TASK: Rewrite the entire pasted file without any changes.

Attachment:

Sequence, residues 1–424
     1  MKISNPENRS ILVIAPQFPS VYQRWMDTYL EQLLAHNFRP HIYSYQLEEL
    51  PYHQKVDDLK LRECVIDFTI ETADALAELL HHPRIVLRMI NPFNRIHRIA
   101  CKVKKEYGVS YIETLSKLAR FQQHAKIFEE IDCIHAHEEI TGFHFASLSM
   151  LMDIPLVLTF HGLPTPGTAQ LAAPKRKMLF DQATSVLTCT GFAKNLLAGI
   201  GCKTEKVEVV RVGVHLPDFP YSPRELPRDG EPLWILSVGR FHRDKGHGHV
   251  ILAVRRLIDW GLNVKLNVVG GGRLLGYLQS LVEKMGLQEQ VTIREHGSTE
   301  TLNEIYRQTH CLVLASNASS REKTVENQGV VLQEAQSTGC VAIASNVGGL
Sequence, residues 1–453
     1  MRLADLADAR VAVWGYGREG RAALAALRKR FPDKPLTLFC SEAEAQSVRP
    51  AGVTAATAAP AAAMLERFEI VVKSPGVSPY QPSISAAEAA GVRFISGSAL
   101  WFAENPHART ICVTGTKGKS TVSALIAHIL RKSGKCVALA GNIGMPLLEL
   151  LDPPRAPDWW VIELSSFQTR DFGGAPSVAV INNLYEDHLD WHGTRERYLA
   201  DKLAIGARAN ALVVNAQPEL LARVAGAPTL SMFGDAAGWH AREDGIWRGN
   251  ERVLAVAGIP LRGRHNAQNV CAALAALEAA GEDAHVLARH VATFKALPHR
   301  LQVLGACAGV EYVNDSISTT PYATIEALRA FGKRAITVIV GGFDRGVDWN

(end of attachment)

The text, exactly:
Sequence, residues 1–424
     1  MKISNPENRS ILVIAPQFPS VYQRWMDTYL EQLLAHNFRP HIYSYQLEEL
    51  PYHQKVDDLK LRECVIDFTI ETADALAELL HHPRIVLRMI NPFNRIHRIA
   101  CKVKKEYGVS YIETLSKLAR FQQHAKIFEE IDCIHAHEEI TGFHFASLSM
   151  LMDIPLVLTF HGLPTPGTAQ LAAPKRKMLF DQATSVLTCT GFAKNLLAGI
   201  GCKTEKVEVV RVGVHLPDFP YSPRELPRDG EPLWILSVGR FHRDKGHGHV
   251  ILAVRRLIDW GLNVKLNVVG GGRLLGYLQS LVEKMGLQEQ VTIREHGSTE
   301  TLNEIYRQTH CLVLASNASS REKTVENQGV VLQEAQSTGC VAIASNVGGL
Sequence, residues 1–453
     1  MRLADLADAR VAVWGYGREG RAALAALRKR FPDKPLTLFC SEAEAQSVRP
    51  AGVTAATAAP AAAMLERFEI VVKSPGVSPY QPSISAAEAA GVRFISGSAL
   101  WFAENPHART ICVTGTKGKS TVSALIAHIL RKSGKCVALA GNIGMPLLEL
   151  LDPPRAPDWW VIELSSFQTR DFGGAPSVAV INNLYEDHLD WHGTRERYLA
   201  DKLAIGARAN ALVVNAQPEL LARVAGAPTL SMFGDAAGWH AREDGIWRGN
   251  ERVLAVAGIP LRGRHNAQNV CAALAALEAA GEDAHVLARH VATFKALPHR
   301  LQVLGACAGV EYVNDSISTT PYATIEALRA FGKRAITVIV GGFDRGVDWN